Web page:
Does calcium play a role in the development of Parkinson’s disease?

Does calcium play a role in the development of Parkinson’s disease?
Understanding the role of alpha-synuclein in physiological or pathological processes may aid in the development of new treatments for Parkinson’s disease.

Researchers have found that excess levels of calcium in the brain may lead to the formation of toxic clusters, Lewy bodies, that are the hallmark of Parkinson’s disease.

The international team, led by the University of Cambridge, UK, found that calcium can mediate the interaction between small membranous structures inside nerve endings, which are important for neuronal signalling in the brain, and alpha-synuclein, the protein associated with Parkinson’s disease.

Excess levels of either calcium or alpha-synuclein may be what starts the chain reaction that leads to the death of brain cells.

The findings, reported in the journal Nature Communications, represent another step towards understanding how and why people develop Parkinson’s disease. According to the charity Parkinson’s UK, one in every 350 adults in the UK – an estimated 145,000 in all – currently has the condition, but as yet it remains incurable.

What is alpha-synuclien?

  • Alpha-synuclein is a protein which is abundant in the human brain. It is also present in other body tissues, notably the heart, muscle and gut. In the brain, it tends to be concentrated near the tips of the nerve cells (neurons) in association with synaptic vesicles which are responsible for the release of chemicals between neurons – neurotransmission; and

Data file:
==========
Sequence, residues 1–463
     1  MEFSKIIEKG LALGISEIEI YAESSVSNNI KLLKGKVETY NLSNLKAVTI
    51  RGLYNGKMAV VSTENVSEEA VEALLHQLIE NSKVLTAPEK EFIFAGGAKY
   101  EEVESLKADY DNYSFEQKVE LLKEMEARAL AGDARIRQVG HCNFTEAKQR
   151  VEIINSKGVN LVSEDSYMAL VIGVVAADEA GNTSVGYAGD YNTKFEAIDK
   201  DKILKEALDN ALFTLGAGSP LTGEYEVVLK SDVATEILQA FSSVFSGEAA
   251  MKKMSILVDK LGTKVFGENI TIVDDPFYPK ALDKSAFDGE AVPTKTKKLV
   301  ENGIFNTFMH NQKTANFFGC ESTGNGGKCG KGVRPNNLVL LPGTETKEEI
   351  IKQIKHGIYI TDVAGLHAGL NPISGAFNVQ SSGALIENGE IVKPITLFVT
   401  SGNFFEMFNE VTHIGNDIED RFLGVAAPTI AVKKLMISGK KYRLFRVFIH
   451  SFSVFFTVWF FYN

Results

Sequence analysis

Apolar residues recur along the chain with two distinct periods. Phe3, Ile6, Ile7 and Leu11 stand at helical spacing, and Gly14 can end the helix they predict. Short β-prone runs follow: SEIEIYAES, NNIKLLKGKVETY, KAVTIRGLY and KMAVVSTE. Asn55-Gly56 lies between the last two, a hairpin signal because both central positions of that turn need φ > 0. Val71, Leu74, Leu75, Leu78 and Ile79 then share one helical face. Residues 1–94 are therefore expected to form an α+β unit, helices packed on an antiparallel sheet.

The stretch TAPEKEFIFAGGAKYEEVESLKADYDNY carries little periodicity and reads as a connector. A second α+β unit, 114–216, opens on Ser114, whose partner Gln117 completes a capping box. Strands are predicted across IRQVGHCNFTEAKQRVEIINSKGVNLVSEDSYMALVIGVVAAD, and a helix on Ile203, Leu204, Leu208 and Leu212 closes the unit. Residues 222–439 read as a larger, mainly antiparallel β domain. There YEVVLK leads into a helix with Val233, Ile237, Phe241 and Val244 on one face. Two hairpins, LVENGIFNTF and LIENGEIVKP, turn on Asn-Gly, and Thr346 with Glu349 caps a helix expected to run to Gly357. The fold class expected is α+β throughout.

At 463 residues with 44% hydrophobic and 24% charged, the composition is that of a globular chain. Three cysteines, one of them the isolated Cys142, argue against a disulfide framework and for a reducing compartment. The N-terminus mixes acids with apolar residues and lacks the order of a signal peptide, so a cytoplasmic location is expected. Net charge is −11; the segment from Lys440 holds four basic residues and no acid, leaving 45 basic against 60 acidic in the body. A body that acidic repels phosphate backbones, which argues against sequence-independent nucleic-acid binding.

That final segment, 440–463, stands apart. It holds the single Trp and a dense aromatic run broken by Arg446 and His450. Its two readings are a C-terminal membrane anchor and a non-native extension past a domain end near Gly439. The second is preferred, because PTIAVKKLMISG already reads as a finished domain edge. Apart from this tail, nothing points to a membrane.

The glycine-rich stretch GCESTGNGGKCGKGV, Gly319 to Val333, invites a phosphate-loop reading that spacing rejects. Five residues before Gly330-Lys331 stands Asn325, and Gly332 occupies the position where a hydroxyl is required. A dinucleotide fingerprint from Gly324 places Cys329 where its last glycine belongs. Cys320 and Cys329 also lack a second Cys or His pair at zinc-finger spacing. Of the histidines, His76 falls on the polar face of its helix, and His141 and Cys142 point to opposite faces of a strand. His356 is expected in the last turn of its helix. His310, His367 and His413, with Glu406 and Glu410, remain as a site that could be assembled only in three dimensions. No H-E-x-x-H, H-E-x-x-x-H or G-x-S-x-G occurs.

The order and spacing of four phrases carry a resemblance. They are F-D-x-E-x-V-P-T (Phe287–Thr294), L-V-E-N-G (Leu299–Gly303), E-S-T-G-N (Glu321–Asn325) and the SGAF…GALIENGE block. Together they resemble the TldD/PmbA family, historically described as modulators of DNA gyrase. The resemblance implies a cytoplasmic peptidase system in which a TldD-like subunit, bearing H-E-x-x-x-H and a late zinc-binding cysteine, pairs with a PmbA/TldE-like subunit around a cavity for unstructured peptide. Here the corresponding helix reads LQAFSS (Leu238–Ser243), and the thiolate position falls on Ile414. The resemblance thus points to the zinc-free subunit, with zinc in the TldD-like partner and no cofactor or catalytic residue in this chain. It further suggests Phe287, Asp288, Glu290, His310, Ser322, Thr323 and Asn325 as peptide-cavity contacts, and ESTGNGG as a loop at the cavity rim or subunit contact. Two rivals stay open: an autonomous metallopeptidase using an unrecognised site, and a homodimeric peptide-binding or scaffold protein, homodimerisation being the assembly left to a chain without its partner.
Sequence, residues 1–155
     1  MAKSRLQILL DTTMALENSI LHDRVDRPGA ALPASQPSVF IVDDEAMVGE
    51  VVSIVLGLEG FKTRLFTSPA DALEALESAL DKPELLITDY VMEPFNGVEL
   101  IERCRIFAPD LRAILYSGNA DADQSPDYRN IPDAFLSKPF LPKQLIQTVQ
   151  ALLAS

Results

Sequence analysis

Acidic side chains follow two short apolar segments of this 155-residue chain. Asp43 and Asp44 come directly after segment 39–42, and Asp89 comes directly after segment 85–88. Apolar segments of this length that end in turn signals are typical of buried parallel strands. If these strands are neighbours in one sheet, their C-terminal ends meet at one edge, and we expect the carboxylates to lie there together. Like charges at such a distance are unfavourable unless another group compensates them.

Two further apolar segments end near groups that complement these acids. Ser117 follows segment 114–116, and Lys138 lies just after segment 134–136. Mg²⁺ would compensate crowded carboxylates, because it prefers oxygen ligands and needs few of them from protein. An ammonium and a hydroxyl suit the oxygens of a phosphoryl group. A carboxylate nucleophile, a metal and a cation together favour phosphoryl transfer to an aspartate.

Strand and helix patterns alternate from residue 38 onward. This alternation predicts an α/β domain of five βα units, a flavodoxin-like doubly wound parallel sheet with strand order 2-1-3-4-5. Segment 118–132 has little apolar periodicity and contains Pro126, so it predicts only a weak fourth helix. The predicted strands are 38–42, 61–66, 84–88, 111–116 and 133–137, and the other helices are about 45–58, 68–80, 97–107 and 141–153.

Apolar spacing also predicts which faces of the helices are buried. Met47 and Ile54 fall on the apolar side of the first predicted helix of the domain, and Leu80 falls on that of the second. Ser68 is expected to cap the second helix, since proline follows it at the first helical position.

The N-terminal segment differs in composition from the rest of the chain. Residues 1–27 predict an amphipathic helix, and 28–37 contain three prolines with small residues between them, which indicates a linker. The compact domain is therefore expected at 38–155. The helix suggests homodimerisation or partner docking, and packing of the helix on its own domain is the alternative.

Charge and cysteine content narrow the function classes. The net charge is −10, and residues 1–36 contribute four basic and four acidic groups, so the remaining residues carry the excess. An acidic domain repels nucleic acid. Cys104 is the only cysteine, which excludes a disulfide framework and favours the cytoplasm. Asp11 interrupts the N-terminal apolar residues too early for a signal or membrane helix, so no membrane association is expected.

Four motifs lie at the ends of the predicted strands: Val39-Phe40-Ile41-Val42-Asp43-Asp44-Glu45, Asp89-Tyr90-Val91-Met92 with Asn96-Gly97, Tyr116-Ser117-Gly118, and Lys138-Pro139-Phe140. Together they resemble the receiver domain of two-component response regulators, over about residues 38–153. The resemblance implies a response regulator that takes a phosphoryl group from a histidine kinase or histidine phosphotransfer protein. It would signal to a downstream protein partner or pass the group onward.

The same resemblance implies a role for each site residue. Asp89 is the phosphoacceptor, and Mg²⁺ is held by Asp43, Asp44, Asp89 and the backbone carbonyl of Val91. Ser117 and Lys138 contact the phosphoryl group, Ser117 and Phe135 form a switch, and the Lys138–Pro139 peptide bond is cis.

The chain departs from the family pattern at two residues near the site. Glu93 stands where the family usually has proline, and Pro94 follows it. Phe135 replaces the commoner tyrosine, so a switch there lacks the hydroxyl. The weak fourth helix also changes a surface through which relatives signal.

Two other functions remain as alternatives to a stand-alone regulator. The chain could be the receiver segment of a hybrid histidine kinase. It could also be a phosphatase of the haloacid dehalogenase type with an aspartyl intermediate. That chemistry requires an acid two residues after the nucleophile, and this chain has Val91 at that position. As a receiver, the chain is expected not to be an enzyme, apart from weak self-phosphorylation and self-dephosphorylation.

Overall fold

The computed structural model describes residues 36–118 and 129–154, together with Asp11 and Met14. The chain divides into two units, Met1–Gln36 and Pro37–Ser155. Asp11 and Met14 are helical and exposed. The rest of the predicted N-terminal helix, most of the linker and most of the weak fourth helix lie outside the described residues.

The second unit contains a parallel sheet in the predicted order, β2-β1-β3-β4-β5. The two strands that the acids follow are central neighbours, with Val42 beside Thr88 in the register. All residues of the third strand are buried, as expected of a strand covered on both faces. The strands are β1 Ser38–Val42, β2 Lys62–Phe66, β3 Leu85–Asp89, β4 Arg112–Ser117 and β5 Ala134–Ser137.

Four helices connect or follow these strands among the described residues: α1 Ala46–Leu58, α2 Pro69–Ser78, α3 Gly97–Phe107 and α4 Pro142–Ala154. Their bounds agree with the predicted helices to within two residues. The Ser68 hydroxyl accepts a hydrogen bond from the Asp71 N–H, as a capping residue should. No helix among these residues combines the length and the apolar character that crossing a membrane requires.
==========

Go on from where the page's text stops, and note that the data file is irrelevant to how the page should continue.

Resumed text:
• It is a protein whose function in the healthy brain is currently unknown. It is of great interest to Parkinson’s researchers because it is a major constituent of Lewy bodies, protein clumps that are the pathological hallmark of Parkinson’s disease.

Parkinson’s disease is one of a number of neurodegenerative diseases caused when naturally-occurring proteins fold into the wrong shape and stick together with other proteins, eventually forming thin filament-like structures called amyloid fibrils. These amyloid deposits of aggregated alpha-synuclein are the sign of Parkinson’s disease.

Dr Gabriele Kaminski Schierle from Cambridge’s Department of Chemical Engineering and Biotechnology, said: “Alpha-synuclein is a very small protein with very little structure, and it needs to interact with other proteins or structures in order to become functional, which has made it difficult to study.”

Super-resolution microscopy techniques now make it possible to look inside cells to observe the behaviour of alpha-synuclein. The researchers isolated synaptic vesicles, part of the nerve cells that store the neurotransmitters which send signals from one nerve cell to another.

In neurons, calcium plays a role in the release of neurotransmitters. The researchers observed that when calcium levels in the nerve cell increase, the alpha-synuclein binds to synaptic vesicles at multiple points, causing the vesicles to come together. This may indicate that the normal role of alpha-synuclein is to help the chemical transmission of information across nerve cells.

An imbalance can be caused by a genetic doubling of the amount of alpha-synuclein by an age-related slowing of the breakdown protein, by an increased level of calcium in neurons that are sensitive to Parkinson’s disease, or an associated lack of calcium buffering capacity in these neurons.

Understanding the role of alpha-synuclein in physiological or pathological processes may aid in the development of new treatments for Parkinson’s disease.

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